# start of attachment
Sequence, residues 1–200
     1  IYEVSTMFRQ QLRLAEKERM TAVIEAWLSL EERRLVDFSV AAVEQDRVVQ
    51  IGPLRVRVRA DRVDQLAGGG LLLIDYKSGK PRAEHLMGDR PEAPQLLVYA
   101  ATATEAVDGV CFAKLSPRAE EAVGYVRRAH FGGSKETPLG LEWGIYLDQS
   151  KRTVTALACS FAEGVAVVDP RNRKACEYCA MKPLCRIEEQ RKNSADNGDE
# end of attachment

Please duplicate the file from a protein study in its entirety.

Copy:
Sequence, residues 1–200
     1  IYEVSTMFRQ QLRLAEKERM TAVIEAWLSL EERRLVDFSV AAVEQDRVVQ
    51  IGPLRVRVRA DRVDQLAGGG LLLIDYKSGK PRAEHLMGDR PEAPQLLVYA
   101  ATATEAVDGV CFAKLSPRAE EAVGYVRRAH FGGSKETPLG LEWGIYLDQS
   151  KRTVTALACS FAEGVAVVDP RNRKACEYCA MKPLCRIEEQ RKNSADNGDE